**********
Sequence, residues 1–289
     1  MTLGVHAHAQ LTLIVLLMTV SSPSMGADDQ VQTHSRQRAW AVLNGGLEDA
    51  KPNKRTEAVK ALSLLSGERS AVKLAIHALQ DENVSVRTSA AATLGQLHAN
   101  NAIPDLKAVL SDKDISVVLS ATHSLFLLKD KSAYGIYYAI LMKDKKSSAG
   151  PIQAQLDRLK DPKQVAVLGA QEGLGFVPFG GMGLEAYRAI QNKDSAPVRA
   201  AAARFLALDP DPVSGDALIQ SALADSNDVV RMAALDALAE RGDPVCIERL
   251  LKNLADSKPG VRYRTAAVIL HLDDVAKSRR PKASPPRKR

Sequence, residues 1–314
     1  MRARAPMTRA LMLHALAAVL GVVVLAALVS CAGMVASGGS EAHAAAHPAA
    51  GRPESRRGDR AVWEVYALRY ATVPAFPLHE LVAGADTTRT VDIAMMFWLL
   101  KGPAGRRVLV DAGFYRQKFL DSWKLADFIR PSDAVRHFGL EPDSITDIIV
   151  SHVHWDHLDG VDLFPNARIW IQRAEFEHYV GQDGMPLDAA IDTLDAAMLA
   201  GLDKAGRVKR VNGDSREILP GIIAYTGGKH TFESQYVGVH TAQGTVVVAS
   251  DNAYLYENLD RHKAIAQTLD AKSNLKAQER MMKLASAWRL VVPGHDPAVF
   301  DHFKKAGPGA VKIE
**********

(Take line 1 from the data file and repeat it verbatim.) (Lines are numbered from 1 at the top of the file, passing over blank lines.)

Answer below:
Sequence, residues 1–289